Women Who Travel To Dominican Republic For Plastic Surgery May Face Risk of Disfiguring Infections: CDC
Federal health officials are warning women not to travel to the Dominican Republic for plastic surgery, indicating that at least 21 patients have contracted a mutilating bacterial infection after going there for cosmetic surgery.
The U.S. Centers for Disease Control and Prevention (CDC) launched a multi-state investigation into the outbreak of Mycobacteria in 2013, after the Maryland Department of Health and Mental Hygiene in Baltimore received two reports of U.S. residents who had serious surgical site infections after undergoing plastic surgery in the Dominican Republic. The two patients were infected with rapidly growing strains of Mycobacterium abcessus complex.
The investigation identified 21 patients in 6 states who had plastic surgery in one of five Dominican Republic clinics. Thirteen of the patients had surgery at the same clinic.
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Among the patients who were infected with the serious bacteria, eight needed to be hospitalized and most of them needed more than three months of antibiotic drug therapy.
The findings were published July 13, in the journal Emerging Infectious Diseases.
Nearly all patients required therapeutic surgical intervention, eight of the patients were hospitalized and seven patients required more than three months of antibacterial drug therapy before the infection subsided.
The CDC is warning people against medical tourism, a practice where people travel to other countries to receive plastic surgery for a cheaper price. Many of the patients, including those that were born in the Dominican Republic, traveled to the country for plastic surgery to save money.
Mycobacteria is very difficult to treat. It is found worldwide and infects the skin or lungs. It causes chronic and recurrent infections resistant to antibiotics and the effects can be devastating, often mutilating the patient. More than 80% of patients reported experiencing swelling, pain, and scarring. Some needed to undergo reconstructive surgery as a result.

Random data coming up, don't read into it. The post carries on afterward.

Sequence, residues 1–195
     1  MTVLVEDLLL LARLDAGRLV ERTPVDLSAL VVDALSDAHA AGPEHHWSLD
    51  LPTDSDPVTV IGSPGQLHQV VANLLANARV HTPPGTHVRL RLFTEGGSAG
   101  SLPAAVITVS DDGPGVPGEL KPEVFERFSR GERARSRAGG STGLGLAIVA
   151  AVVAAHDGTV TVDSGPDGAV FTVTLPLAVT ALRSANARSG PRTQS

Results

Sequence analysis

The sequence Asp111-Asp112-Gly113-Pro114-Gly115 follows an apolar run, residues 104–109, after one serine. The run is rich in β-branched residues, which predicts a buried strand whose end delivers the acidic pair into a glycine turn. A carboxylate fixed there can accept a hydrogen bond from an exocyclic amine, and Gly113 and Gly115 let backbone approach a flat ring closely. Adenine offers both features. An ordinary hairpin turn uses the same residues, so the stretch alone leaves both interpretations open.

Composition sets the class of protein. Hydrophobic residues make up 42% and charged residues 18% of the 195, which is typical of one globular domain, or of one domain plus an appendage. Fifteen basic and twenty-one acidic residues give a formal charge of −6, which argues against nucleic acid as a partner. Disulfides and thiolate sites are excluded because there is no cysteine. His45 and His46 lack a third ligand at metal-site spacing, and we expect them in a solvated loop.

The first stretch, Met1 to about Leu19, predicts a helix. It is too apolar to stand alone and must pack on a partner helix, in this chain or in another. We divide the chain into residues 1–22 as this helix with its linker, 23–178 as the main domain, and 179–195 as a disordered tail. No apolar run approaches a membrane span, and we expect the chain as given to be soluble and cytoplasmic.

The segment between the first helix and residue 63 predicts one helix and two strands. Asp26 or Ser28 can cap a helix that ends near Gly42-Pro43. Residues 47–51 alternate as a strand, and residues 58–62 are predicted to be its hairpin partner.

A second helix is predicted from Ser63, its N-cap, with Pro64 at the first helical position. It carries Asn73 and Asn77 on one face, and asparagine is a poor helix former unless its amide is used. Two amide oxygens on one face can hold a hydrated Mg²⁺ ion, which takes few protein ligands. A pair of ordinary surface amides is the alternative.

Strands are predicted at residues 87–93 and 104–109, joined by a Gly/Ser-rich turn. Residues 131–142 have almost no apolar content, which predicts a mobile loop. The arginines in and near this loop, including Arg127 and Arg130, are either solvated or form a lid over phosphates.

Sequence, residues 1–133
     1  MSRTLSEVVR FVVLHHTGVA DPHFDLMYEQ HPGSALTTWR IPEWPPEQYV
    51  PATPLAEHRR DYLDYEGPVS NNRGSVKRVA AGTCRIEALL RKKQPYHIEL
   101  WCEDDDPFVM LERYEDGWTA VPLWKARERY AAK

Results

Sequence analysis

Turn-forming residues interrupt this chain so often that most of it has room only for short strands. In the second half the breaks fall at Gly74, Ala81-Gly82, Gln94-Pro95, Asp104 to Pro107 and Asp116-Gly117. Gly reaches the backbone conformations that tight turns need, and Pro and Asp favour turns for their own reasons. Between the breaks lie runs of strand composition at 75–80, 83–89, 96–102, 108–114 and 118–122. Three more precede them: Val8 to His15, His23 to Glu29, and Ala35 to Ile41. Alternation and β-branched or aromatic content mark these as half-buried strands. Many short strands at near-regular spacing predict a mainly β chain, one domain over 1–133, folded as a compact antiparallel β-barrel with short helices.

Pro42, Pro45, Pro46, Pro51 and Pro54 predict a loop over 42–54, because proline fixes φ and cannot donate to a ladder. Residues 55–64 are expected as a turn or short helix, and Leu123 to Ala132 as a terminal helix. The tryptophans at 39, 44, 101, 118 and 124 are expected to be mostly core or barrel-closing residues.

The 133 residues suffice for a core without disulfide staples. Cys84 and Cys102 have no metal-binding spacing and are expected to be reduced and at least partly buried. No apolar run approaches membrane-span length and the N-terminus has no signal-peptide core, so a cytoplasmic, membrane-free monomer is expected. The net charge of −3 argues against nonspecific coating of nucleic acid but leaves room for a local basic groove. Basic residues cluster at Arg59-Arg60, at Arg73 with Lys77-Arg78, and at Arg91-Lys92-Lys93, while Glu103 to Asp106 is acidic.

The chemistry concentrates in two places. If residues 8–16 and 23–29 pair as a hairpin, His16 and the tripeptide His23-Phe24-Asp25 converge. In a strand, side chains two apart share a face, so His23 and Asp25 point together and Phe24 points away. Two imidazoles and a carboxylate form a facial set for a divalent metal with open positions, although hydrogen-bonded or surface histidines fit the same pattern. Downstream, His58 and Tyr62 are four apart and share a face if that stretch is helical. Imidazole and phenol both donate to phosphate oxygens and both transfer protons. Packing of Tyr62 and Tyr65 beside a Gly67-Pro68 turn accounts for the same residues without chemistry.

The risk of infection is much higher in the Dominican Republic and Brazil, but patients have been infected in the U.S. as well. Medical officials are reporting seeing more and more postoperative infections.
It remains unclear how the patients were infected with the bacteria, but it may have entered plastic surgery wounds through tap water or instruments used in surgery. Most of the patients underwent liposuction and at least one other surgical procedure, such as breast augmentation, augmentation of the buttocks or breast reduction.
Estimates indicate 1.4 million Americans will travel outside of the U.S. For medical treatment in 2016 and the market continues to grow. Medical experts indicate the medical tourism market reaches $45 to 72 billion with more than 12 million patients worldwide.
Patients who have had plastic surgery in the Dominican Republic should talk to their doctor about getting tested and should ask the clinic they had the surgery at or plan to have the surgery at whether the site has had any infections of this kind.
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